28 Oct 2020

7/27/20: EBV Hepatitis

At Goldstein morning report, PGY3 Katherine Loomis presented a case of a 41 year old female with no significant past medical history who presented with 7 day history of subjective fevers (Tmax to 102F at home) and 5 days of worsening RUQ and epigastric abdominal pain, nausea and emesis. She also noted yellowing of her eyes 1 day prior to admission. Ancillary history was insignificant. Exam was significant for mild bilateral scleral icterus, mild lower eyelid and sublingual icterus, and tenderness to palpation in RUQ, epigastric and RLQ with the livers enlarged 4cm below the costal margin, no palpable splenomegaly.

CBC: WBC 10.3 > Hb 13/ Hct 39.3 <Plt 183

CMP:
Na 139/K 4.1/Cl 104/HCO3 22/BUN 2/Cr 0.56 <Glucose 108
ALP 217>T.protein 7/Albumin 4.1/AST 98/ALT 147/Tbili 2.8/DBili 2.4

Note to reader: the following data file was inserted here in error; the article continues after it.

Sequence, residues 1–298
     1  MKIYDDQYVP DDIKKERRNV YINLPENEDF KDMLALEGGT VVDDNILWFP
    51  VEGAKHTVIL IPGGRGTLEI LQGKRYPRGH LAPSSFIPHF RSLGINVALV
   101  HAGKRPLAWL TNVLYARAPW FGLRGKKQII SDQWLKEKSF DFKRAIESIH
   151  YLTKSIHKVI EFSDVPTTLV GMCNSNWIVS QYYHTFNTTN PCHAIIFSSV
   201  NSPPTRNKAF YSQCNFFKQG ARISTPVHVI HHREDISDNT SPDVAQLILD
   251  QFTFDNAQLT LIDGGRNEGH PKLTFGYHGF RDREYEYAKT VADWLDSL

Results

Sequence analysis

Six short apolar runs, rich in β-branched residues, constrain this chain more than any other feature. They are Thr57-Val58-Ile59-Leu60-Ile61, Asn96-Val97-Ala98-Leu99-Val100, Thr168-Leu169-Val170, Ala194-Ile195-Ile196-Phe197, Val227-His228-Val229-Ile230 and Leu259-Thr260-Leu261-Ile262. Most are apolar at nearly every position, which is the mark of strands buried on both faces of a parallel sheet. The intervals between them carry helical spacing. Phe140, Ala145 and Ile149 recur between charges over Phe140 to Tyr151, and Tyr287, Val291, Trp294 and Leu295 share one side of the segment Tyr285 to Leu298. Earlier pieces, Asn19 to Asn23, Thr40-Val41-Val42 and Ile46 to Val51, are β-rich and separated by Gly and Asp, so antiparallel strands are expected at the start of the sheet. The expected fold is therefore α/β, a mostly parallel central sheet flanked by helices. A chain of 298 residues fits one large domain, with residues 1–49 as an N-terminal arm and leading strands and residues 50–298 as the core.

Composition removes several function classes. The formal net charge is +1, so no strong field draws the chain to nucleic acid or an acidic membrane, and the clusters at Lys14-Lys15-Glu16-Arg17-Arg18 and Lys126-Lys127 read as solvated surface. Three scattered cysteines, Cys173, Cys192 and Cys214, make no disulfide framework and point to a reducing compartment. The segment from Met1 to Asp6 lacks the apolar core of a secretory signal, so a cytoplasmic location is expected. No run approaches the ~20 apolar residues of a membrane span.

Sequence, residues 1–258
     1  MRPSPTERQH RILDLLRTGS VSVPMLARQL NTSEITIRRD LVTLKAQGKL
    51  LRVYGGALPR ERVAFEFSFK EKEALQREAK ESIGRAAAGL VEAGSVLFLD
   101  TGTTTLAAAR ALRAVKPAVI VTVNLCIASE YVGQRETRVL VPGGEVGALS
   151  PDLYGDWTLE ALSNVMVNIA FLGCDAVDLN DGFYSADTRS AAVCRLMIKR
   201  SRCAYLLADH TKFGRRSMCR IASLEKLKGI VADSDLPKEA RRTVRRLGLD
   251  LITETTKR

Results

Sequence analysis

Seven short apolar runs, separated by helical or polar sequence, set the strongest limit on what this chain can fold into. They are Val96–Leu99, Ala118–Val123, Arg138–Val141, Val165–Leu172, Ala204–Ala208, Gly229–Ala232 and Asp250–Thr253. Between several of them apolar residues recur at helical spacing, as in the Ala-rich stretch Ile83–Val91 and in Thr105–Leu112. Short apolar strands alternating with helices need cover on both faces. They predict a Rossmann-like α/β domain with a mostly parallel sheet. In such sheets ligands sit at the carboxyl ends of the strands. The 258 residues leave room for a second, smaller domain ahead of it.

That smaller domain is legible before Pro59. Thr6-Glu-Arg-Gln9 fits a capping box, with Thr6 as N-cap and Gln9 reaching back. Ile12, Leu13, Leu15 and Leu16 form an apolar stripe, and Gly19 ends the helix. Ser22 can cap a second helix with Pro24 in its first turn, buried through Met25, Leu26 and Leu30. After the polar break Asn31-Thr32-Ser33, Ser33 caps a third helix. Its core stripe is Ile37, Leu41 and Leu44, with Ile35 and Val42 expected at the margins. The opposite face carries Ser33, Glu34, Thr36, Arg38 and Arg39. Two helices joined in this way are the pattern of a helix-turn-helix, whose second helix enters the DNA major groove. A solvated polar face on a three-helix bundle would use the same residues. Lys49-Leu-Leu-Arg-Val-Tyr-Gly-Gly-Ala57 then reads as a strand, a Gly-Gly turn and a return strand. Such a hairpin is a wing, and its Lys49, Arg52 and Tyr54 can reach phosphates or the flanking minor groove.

*of note, hepatic function on the patient was normal 1 month prior to admission

Hepatitis viral serologies (A, B, C and E) were negative along with negative autoimmune workup.

Abd US showed concerns of gallbladder wall thickening measuring up to 9mm but no evidence of acute cholecystitis:

CT A/P w/ contrast and MRCP also confirmed presence of a markedly thickened and edematous gallbladder wall but no intra or extrahepatic duct dilatation.

Further viral studies returned:

  • EBV IgG: 59.4 U/mL (<18.9 negative)
  • EBV IgM: >160 U/mL (<36.0 negative)
  • EBV nuclear Ag Ab IgG: <18.9 U/mL (<18.0 negative)
  • CMV IgG: 9.2 U/mL (>0.7 positive)
  • CMV IgM: <30.9 AU/mL (<30.0 no Ab detected)

Treatment: Patient improved with symptomatic treatment and was discharged with 1 month hepatology clinic follow-up which showed near normalization of labs.

KL3

Take home points:

  1. EBV most commonly manifests as infective mononucleosis but there are less common complications of which one is hepatitis.
  2. Treatment is supportive but there are rare cases of severe or fatal hepatitis.
  3. Severe or fatal hepatitis, although rare may be seen in immunocompromised or in rare cases immunocompetent individuals and treatment can include steroids and antivirals

Sentinel Article:
Epstein-Barr Virus Infection

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